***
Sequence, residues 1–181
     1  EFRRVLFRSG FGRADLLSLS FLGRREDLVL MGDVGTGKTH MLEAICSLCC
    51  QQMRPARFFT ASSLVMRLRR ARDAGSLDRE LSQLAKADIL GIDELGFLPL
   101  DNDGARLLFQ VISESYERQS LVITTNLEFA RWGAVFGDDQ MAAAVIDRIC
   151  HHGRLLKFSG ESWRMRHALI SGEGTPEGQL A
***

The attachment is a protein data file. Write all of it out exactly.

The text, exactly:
Sequence, residues 1–181
     1  EFRRVLFRSG FGRADLLSLS FLGRREDLVL MGDVGTGKTH MLEAICSLCC
    51  QQMRPARFFT ASSLVMRLRR ARDAGSLDRE LSQLAKADIL GIDELGFLPL
   101  DNDGARLLFQ VISESYERQS LVITTNLEFA RWGAVFGDDQ MAAAVIDRIC
   151  HHGRLLKFSG ESWRMRHALI SGEGTPEGQL A